Hi [your connection’s name],
    How are you? Hoping things are going well for you this year. It’s been quite the Winter hasn’t it? I notice that you are connected to Sam Smith, who is the VP of Marketing for Acme Corp. I saw that Acme has a Marketing Specialist position listed on their website. It looks really interesting, and I would love to find out more about the job. Would you mind introducing me? I know how busy you get this time of year, so I wrote up a little blurb to pass along to make it easier. Oh, and I also wanted to share this article I found – thought you might find it interesting. 
  3. Message someone on LinkedIn even if they aren’t your connection.
    If you share a mutual group, you can contact them without being connected.
  4. Always return a recruiter’s call.
    They aren’t there to harass you. Good recruiters want to build a relationship with you to find the right fit for their company or agency.
  5. Don’t hesitate to reach out to a recruiter about a job you see.
    Even if the opening isn’t a fit, one down the line might be. The recruiter will have the “inside scoop” on the job.

    “Job descriptions can be vague and don’t tell the whole story, says Corporate Recruiter Deonna Campbell. “Having a brief conversation with the recruiter can clear up any questions you may have and can expand on what the job entails. Even if you aren’t interested in this particular opportunity, getting more information might help someone you know.”

  6. Start a “kudos” folder. This is a folder (email or paper) with any documents or emails that you get that you can use down the line to further your case during a performance review, for getting a raise, updating your resume or at an interview. Suggested items to be included: a congratulatory email from your boss about successful completion of a project, a list of webinars or classes you have attended in your field, statistics from work projects, etc. It’s better to save these items as you get them instead of having to scramble and backtrack.

Bonus tip– Be proactive and start using  Twitter to build up your connections. Someone may not accept your connection request on LinkedIn, but you can always follow them on Twitter. Follow target companies/people and make sure to interact (retweet, reply and like) with them before you need a job. This is an easy, low pressure way to build up your network.
Thanks
* Just for fun * Check out this site where you can make your own personalized virtual candy heart. Happy Valentine’s Day!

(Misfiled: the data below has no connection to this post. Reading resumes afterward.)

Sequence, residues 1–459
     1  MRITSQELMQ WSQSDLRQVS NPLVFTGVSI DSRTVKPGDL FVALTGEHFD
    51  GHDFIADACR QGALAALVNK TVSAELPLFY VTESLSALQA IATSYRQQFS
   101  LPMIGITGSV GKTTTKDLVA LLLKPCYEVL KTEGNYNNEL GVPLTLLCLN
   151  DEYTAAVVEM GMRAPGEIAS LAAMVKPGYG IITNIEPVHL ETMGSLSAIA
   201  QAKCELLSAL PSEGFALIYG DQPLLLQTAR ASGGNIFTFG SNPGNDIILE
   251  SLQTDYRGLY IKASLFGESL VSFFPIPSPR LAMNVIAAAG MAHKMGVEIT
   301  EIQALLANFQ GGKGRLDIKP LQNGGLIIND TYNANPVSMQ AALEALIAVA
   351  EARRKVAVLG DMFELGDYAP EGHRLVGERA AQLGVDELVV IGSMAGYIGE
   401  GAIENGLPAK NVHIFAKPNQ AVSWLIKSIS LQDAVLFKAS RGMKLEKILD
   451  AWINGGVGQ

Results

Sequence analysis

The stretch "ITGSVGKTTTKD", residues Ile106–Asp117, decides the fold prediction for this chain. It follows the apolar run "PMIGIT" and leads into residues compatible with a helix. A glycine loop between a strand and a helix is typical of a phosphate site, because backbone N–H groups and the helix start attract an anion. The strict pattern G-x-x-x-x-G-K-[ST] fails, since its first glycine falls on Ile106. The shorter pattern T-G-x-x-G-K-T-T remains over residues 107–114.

A version of this post, by our Social Media Specialist, also appears on LinkedIn.

taglineOldcastle

Oldcastle is North America’s largest manufacturer of building products and materials. With more than 2,000 locations throughout North America, we are in constant pursuit of the next generation of successful decision makers, leaders and problem solvers. Learn more about joining the Oldcastle team HERE.

Follow us for jobs and career advice:
Twitter
LinkedIn
Instagram
YouTube
Facebook
Pinterest

Also, don’t forget to join our Talent Community to receive a monthly e-mail newsletter with expert advice on the job search process.

 

Leave a comment

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5 Job Search Resolutions You Can Keep

Empty road towards the big cloud and 2016

“And now we welcome the new year, full of things that have never been” ― R. M. Rilke

As we turn the calendar page to a fresh New Year, are you resolving to do better with your diet, exercise plan or finances? Don’t forget about your career! January is a great time to turn over a new leaf – especially if your job search has stalled. These resolutions can get you on the right track in 2016.

1.) Commit to spending more time on job search activities

If you’re unemployed, you should devote at least the equivalent of a regular 40 hour work week to networking, researching  job openings and applying to positions. If you’re employed but looking, commit to 2 hours a week for job searching (all done at home after regular work hours of course!).

2.) Schedule one networking event per month

This could range from going to a business presentation, attending a community business function or participating in a formal networking session. To find out about upcoming networking opportunities, check out business associations in your industry, the local newspaper (regular edition and business) – even your college career center (which can also be a great resource for alumni).